Big Data and IP Rights – Where Their Paths Meet

August 16, 2017
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Big data has been a game changer for almost every industry. While it has created many new opportunities for businesses to improve efficiency and provide higher quality services, it also raises some other concerns. 

One of the biggest challenges is protecting intellectual property rights (IP) in the era of big data. These issues even affect mobile technology companies.

How Does Big Data Affect IP Rights?

Protecting intellectual property rights has been a challenge since the Copyright Act of 1909. It’s become even more difficult in the age of digital technology.

A couple years ago, Steven Tepp, founder and president of Sentinel Worldwide wrote a piece on big data and IP rights for the U.S. Chamber of Commerce website. Tepp is an intellectual property rights lawyer, so he hopes his statements will be listened to by policymakers throughout the world. Here is one of the things he emphasized.

History teaches that vibrant intellectual property protection (much of which is already in place) is a critical piece of a policy structure that will support innovation and growth. What remains is to apply it to the specifics of the big data marketplace, not only as it stands now, but with an eye towards how it may develop.

Tepp points out that politicians need to address these problems in the near future. Existing laws are seriously outdated and don’t reflect the challenges governments and corporations face in the modern world.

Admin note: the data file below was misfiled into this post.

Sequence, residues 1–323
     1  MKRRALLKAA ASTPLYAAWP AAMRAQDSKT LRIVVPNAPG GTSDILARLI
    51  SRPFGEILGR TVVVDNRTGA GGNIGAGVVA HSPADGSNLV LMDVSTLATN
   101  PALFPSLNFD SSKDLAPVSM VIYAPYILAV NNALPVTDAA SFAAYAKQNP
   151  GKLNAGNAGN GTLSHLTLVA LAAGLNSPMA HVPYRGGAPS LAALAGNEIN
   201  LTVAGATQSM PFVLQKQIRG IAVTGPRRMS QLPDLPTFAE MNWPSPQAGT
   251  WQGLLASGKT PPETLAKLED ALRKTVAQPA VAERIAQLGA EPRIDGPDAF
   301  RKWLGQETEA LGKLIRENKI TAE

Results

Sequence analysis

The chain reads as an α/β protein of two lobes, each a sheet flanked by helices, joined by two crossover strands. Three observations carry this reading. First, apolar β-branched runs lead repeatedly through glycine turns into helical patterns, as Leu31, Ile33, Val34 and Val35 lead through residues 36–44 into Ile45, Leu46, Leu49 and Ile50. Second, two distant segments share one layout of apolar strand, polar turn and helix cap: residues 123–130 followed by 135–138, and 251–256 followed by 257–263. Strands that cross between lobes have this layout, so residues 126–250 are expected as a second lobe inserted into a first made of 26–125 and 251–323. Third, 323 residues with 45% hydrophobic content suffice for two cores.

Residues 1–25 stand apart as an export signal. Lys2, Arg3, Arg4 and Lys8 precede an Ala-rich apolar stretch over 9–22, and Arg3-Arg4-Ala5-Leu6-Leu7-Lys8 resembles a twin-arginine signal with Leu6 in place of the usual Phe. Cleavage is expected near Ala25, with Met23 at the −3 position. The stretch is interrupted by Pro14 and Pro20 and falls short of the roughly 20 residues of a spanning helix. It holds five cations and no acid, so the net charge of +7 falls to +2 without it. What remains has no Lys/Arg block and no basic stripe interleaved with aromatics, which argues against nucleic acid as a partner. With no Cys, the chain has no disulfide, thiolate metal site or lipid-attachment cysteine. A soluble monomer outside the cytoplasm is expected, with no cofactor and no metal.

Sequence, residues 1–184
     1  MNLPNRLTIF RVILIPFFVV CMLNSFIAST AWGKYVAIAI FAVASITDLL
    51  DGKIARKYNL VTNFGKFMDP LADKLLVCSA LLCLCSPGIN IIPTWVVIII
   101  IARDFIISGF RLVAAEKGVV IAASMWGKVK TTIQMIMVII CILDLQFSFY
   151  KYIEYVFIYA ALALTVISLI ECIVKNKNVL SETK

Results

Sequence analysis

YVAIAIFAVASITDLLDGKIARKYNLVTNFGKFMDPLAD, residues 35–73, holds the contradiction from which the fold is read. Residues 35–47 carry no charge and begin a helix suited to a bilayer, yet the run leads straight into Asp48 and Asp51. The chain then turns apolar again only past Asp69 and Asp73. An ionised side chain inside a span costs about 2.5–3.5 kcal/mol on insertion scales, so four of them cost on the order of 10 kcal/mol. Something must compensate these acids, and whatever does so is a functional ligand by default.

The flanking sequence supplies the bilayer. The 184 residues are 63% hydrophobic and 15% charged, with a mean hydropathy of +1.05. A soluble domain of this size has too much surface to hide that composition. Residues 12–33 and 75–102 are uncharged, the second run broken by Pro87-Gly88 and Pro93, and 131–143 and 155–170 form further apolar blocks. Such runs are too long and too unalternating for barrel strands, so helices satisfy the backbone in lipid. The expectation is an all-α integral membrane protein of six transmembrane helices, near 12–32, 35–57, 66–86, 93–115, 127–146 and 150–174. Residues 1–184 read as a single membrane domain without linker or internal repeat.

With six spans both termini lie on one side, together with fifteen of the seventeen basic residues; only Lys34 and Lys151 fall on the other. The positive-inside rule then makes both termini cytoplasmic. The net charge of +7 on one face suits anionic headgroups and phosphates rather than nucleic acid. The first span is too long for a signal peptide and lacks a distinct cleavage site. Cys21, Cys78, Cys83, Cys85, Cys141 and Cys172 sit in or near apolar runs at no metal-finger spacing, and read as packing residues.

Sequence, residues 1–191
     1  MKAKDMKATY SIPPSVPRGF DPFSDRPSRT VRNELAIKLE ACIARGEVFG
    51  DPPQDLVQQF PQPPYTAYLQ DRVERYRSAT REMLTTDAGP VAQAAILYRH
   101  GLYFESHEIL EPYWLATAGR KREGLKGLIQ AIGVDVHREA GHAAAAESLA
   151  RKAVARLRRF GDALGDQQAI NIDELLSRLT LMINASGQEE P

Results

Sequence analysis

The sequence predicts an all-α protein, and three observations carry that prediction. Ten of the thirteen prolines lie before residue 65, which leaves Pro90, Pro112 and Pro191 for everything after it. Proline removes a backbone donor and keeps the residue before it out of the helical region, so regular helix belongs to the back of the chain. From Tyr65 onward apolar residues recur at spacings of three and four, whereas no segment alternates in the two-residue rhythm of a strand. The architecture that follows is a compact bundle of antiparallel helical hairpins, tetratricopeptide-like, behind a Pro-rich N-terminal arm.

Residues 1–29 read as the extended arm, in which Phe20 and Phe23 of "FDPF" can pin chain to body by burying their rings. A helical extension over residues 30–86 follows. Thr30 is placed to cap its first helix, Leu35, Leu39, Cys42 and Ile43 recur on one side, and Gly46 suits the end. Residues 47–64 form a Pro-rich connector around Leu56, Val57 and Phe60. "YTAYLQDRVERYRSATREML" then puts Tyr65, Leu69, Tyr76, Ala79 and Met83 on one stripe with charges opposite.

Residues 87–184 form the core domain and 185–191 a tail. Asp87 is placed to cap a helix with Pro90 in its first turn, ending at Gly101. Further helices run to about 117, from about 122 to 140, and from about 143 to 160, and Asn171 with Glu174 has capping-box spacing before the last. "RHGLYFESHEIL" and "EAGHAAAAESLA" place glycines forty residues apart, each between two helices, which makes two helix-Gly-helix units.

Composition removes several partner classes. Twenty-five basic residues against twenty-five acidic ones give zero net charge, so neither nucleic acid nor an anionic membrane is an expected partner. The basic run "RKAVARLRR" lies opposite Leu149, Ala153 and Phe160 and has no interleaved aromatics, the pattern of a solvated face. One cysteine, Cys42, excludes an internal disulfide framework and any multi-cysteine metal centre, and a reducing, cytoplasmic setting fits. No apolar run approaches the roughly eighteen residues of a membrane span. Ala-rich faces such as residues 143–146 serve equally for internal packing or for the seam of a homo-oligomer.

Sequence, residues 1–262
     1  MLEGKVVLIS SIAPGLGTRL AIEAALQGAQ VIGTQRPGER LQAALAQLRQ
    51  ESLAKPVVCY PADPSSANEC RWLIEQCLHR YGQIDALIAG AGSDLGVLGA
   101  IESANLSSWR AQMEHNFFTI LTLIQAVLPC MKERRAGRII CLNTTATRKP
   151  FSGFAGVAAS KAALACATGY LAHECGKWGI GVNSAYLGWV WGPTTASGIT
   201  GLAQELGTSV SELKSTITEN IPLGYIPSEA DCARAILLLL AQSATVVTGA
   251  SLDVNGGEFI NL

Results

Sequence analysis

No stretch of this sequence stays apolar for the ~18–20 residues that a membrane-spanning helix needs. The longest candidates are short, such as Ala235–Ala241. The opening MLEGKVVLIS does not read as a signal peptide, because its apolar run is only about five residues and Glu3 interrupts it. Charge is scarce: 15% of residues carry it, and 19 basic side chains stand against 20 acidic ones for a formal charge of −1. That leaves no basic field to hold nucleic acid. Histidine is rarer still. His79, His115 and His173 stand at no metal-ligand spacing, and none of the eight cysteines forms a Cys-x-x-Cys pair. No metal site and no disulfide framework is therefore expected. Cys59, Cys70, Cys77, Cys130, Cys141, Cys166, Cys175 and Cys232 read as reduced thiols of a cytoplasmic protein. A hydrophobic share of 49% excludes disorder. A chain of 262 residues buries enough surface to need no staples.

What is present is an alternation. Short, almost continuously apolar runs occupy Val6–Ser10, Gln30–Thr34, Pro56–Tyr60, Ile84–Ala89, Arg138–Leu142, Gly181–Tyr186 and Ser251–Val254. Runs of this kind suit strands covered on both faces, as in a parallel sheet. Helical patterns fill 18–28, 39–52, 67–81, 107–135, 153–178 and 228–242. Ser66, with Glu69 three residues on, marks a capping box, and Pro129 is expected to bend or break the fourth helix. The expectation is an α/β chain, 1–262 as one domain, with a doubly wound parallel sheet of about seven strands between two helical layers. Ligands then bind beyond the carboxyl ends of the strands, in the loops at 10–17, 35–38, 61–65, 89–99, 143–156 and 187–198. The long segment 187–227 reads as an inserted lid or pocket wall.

Here are some ways big data confounds the problem. Hopefully, raising awareness of these issues will spur policymakers to reform IP laws in the age of big data.

Anything Can Be Reverse Engineered

Virtually everything is governed by algorithms these days. These algorithms can easily be reverse engineered.

Some experts have previously spoken against strengthening intellectual property rights, such as Pamela Samuelson of the Yale Law Journal in 2002. ”The design of intellectual property rules, including those affecting reverse engineering, should be tailored to achieve these utilitarian goals and should extend no further than necessary to protect incentives to innovate. Intellectual property rights, if made too strong, may impede innovation and conflict with other economic and policy objectives.

However, big data has made it easier than ever to reverse engineer products and algorithms, so a new appreciation for IP rights is needed.

Growing Use of Open Source Code

Open source code and big data have complemented each other in marvelous ways. Open source code has also created some threats to intellectual property rights and exposed innocent open source developers to baseless lawsuits. Here are some questions that have been raised:

• Do new products rely on algorithms that were protected by IP laws?
• Do legal professionals have the technical qualifications to determine if open source code infringes on IP rights?
• Do individual open source contributors retain any copyrights for their own work?

These questions may seem easy to answer, but the reality is much more complicated. Firmer answers will be needed in an era where more technology relies on open source code.

How Can IP Rights Be Protected from Hackers and Rogue States?

Even if the legal framework of intellectual property rights is more clearly established, it’s difficult to protect them from entities that have little regard for international rules of law. Hackers routinely violate the rights of their targets. They can easily sell code and other trade secrets to unscrupulous partners.

The same problems can take place at a higher scale with countries that don’t sign copyright treaties. Many countries have had difficulty protecting their trade secrets from China. Chinese companies often violate IP rights and create their own knockoff products.